San Francisco Romantic Restaurants

San Francisco is arguably America's foodie capital, and romantic couples have a wealth of restaurants worthy of their love. Thanks to the bounty of produce that grows in the California sunshine and the wines of Napa and Sonoma, the city's most romantic restaurants have access to top ingredients and that inspires chefs to outdo themselves.

The following are among the most romantic restaurants in San Francisco — but the list certainly isn't exclusive. Some are pricey, but keep in mind that not every romantic meal in San Francisco's best restaurants is. Ethnic neighborhoods, including Chinatown and North Beach (Italian), are havens for cheap, tasty eateries. And food truck fare continues to grow in popularity.

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  • 01 of 08
    mo-brasserie-sf.jpg
    ••• Susan Breslow Sardone, licensed to About.com, Inc.

    In this casually sophisticated and very comfortable space inside the Loews Regency San Francisco Hotel, couples can indulge their passion for fine, local-inspired food and spirits. This intimate space, with excellent service, is one of those unsung treasures. The bar is a study in gins and the drinks menu includes artisanal tonics to compliment the firewater.

  • 02 of 08
    chaya seafood
    ••• Chaya.

    Located across from the Embarcadero with a romantic view of the Bay Bridge, Chaya says it serves  nouvelle  Franco-Japanese cuisine. I say that it creates the most inventive, flavorful sushi combination rolls. Warning: After one meal here, you'll want to return again and again.

  • 03 of 08

    Frascati

    frascati dinner san francisco
    ••• Frascati.

    There's nothing pretentious about Frascati, and that somehow makes it even more appealing to hungry romantic couples in search of a good meal in San Francisco. The fare in this bistro-style restaurant is a melange of Greek and Mediterranean. Octopus salad with potato confit, wild arugula, orange segments, olives and chorizo vinaigrette is one of several tasty appetizers. And if you're lucky, you'll get a window seat and be able to watch the cable cars go by.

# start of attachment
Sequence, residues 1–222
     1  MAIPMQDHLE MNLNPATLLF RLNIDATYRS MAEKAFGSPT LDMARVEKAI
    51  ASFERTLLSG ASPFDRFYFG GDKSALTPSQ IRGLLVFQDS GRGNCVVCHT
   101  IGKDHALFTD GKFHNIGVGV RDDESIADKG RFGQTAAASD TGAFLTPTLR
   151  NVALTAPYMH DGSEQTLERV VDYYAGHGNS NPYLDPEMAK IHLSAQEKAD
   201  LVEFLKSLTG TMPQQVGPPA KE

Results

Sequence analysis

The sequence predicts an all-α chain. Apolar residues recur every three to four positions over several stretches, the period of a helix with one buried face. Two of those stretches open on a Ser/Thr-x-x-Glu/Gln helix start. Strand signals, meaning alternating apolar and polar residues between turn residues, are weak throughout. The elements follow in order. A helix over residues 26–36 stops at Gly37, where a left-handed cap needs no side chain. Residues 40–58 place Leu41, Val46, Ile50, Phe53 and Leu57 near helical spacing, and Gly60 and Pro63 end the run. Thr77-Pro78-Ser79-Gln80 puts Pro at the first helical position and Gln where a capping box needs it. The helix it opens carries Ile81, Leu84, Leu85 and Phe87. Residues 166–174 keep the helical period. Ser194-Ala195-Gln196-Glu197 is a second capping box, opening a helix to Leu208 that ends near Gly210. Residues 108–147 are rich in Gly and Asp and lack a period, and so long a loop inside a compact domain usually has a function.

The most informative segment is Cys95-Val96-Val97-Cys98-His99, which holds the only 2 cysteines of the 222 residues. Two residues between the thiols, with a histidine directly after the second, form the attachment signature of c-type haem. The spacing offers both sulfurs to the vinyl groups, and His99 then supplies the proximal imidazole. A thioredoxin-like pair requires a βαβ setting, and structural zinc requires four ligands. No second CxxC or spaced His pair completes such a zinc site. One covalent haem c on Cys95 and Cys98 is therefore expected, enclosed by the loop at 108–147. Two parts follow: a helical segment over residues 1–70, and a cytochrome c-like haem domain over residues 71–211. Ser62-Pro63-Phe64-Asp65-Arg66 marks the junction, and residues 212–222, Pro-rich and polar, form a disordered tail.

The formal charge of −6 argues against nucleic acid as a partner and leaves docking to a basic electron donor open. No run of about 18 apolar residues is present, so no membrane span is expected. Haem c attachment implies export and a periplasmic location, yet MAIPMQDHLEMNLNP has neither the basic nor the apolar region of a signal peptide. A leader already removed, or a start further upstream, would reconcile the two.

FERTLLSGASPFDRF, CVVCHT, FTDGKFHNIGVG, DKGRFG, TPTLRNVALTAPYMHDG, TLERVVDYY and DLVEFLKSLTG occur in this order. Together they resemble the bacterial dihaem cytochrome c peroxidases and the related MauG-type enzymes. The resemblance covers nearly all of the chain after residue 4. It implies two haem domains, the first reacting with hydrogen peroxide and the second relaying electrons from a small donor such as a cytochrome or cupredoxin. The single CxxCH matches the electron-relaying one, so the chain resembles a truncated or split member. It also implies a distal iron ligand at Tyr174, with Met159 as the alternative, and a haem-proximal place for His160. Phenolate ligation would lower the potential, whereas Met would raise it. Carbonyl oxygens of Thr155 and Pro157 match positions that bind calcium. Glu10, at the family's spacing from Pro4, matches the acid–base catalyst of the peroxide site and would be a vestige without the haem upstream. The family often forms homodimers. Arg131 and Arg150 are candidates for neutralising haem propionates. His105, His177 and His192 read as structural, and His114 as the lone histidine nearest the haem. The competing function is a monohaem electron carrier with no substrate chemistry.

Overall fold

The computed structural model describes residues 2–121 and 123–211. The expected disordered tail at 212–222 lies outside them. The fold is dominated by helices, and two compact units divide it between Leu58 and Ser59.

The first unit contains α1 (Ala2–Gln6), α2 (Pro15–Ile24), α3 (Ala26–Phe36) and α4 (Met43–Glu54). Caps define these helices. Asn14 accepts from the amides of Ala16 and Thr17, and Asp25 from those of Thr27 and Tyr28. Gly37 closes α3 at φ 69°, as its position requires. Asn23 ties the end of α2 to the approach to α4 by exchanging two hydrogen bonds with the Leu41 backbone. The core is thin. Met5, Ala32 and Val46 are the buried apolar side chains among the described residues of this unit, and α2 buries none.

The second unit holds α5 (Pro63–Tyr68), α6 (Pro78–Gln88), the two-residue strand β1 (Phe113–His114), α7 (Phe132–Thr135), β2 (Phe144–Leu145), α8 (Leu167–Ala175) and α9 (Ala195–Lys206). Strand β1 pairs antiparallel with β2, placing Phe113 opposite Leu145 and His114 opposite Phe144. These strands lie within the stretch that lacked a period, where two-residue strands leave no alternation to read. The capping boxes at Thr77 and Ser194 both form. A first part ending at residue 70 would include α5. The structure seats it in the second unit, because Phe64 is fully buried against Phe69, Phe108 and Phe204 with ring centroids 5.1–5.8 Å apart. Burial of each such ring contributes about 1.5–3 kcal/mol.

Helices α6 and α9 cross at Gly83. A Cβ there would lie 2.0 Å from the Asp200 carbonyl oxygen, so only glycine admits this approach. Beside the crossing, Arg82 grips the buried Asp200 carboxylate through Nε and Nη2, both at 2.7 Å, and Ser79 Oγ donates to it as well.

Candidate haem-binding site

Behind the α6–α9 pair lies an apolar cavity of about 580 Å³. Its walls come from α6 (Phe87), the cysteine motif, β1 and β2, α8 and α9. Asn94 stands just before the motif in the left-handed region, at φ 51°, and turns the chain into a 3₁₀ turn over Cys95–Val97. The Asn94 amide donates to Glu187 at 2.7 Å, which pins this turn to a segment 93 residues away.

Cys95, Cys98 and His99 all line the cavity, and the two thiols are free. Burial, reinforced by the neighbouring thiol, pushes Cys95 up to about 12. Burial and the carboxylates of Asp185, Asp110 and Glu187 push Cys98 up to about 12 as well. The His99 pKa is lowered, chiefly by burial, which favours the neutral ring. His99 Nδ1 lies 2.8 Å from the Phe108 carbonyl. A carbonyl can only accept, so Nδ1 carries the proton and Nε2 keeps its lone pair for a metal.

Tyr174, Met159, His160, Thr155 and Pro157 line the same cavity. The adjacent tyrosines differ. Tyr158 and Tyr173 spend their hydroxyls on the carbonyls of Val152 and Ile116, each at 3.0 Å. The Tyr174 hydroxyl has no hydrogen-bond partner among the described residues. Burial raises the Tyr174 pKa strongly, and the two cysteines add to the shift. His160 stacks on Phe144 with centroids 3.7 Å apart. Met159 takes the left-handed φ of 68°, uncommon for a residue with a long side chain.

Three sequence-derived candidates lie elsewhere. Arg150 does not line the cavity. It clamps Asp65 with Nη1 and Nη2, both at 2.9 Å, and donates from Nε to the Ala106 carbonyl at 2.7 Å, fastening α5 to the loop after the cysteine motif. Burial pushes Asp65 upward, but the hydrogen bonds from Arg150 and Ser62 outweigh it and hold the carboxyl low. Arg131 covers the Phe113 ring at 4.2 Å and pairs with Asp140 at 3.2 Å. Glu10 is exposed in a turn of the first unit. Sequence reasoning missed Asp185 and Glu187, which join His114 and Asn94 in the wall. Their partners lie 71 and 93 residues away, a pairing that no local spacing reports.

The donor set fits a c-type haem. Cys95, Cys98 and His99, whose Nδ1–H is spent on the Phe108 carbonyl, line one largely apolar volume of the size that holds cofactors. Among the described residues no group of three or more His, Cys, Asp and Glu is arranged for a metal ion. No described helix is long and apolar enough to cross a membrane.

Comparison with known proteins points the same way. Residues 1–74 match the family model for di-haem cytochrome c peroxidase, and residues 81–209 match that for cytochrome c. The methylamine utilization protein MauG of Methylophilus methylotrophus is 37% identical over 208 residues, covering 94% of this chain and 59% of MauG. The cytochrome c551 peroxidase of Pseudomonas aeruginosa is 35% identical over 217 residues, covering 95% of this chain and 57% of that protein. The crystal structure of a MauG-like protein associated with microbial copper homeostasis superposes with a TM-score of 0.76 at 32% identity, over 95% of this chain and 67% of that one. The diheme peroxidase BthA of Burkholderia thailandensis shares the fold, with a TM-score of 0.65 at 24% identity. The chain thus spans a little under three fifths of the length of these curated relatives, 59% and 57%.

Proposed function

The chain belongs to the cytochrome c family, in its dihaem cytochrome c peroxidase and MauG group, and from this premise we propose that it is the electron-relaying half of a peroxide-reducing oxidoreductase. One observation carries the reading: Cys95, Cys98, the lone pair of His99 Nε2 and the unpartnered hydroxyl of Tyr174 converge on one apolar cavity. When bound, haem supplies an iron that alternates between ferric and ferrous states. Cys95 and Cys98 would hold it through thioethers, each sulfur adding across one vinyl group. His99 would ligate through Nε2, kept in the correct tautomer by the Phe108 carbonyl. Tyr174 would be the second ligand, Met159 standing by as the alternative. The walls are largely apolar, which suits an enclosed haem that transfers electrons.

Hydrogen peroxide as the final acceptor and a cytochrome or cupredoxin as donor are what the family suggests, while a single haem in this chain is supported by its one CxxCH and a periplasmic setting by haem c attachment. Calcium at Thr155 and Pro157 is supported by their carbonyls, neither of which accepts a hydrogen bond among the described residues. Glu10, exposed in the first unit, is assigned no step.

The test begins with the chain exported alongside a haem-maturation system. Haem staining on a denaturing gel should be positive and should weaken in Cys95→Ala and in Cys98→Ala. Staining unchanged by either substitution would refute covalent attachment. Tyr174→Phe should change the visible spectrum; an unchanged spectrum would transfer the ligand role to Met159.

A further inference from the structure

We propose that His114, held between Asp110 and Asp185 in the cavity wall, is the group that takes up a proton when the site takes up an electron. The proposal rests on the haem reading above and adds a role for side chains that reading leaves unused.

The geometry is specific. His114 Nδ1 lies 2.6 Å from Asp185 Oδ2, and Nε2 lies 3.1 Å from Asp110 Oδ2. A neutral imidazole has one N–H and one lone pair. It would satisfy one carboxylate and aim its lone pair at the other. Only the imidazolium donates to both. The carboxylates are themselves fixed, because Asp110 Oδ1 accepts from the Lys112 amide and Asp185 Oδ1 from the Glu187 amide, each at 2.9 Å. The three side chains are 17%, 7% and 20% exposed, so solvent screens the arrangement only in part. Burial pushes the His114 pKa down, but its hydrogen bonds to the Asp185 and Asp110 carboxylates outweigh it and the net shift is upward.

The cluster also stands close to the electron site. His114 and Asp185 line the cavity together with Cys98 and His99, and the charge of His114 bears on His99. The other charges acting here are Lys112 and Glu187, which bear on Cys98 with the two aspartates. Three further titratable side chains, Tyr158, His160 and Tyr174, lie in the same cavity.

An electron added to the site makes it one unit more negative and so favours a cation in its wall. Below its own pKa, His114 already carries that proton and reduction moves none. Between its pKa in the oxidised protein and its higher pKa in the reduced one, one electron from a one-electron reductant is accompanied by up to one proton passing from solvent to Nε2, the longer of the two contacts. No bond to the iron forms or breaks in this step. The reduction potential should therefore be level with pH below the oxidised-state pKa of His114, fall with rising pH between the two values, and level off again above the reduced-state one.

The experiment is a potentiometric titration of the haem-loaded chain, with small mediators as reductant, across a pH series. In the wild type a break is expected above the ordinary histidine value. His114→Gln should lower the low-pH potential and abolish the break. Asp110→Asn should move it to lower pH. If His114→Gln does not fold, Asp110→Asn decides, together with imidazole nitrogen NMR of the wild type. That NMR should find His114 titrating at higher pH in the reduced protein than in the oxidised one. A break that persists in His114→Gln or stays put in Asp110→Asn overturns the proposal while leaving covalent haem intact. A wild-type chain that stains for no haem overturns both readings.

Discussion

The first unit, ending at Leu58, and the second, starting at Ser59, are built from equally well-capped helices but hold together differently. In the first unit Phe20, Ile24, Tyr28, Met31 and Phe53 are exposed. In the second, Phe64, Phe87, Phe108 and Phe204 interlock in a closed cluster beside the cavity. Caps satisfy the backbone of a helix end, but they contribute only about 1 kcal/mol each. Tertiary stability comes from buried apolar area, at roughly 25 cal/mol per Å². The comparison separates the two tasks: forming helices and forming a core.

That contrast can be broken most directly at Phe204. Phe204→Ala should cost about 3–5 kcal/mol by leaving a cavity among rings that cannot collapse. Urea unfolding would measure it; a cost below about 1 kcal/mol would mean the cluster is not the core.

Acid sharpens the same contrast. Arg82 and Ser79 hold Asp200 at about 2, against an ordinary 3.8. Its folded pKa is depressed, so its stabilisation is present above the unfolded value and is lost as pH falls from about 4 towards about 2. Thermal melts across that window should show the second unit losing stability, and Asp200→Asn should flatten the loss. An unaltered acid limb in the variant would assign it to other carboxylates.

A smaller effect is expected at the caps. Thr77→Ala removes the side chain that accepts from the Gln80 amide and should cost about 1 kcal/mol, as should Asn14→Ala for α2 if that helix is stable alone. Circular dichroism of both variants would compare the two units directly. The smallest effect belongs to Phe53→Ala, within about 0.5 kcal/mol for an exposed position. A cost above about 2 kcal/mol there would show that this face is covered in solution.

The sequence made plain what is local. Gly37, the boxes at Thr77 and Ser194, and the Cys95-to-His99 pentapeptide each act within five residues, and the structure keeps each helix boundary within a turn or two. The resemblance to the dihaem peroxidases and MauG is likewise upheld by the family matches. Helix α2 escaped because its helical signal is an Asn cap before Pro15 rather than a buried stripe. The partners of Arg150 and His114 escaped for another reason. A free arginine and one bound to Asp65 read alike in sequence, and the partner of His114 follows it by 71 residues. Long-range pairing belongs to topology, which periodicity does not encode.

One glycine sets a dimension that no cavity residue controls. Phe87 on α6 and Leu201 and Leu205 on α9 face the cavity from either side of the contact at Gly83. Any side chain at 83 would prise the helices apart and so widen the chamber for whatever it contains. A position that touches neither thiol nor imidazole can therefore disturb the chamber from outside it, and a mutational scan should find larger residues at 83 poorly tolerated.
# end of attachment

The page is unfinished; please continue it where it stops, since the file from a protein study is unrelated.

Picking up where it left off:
• 04 of 08

    Do you, like the ancient Greeks and Egyptians, consider garlic an aphrodisiac? If so, a meal from the garlic-infused menu at The Stinking Rose may leave you in a state of romantic intoxication. The setting, a series of rooms festooned with empty wine bottles, curtains fashioned from used corks, and photos, murals, and memorabilia covering every wall, looks like a tourist trap. Don't let that deceive you: The food, generously seasoned with the "stinking rose," is delicious and the service and ambience a welcome and affordable relief from San Francisco's pretentious foodie temples.

    Continue to 5 of 8 below.
  • 05 of 08

    Birthplace of new American cuisine, Chez Panisse is just across the bay from San Francisco and the restaurant indisputably worth the trip. The freshest ingredients go into Alice Waters' imaginative, healthful, Mediterranean-inspired dishes. Her prix-fixe menu changes daily, and advance reservations are essential.

  • 06 of 08

    This isn't one of the most romantic restaurants in San Francisco — it's more corporate chic. But since a honeymoon or anniversary dinner is as much a big deal to you as a major business deal is to a tycoon, it's still a place for couples. The eponymous chef, who consistently wins the Five-Star award for his cuisine, says, "My cooking is not cutting-edge. I won't serve guinea pig food. We do not experiment on the guests!" We like that.

  • 07 of 08

    Love sushi almost as much as each other? Then head down the Embarcadero to Ozumo, where you can feast on a creative variety of fresh fish and lubricate it with selections from the extensive sake menu. If you prefer cooked food, the restaurant has an authentic Japanese robata (grill) that yields small, delicious plates of Kobe beef and other delicacies. Since Ozumo can be a bit noisy, we recommend bringing some friends and reserving one of the private dining areas, which would be perfect for a small rehearsal dinner or celebration.

  • 08 of 08

    Chef Thomas Keller has made this one of the restaurants every self-respecting foodie must experience at least once. Each day two unique, nine-course menus are presented; one is vegetarian. No ingredient is repeated twice in the service, and inspiration comes from what's fresh each season. The setting, just 15 tables inside a two-story stone house surrounded by heirloom flowers and fragrant in season with roses, is very romantic.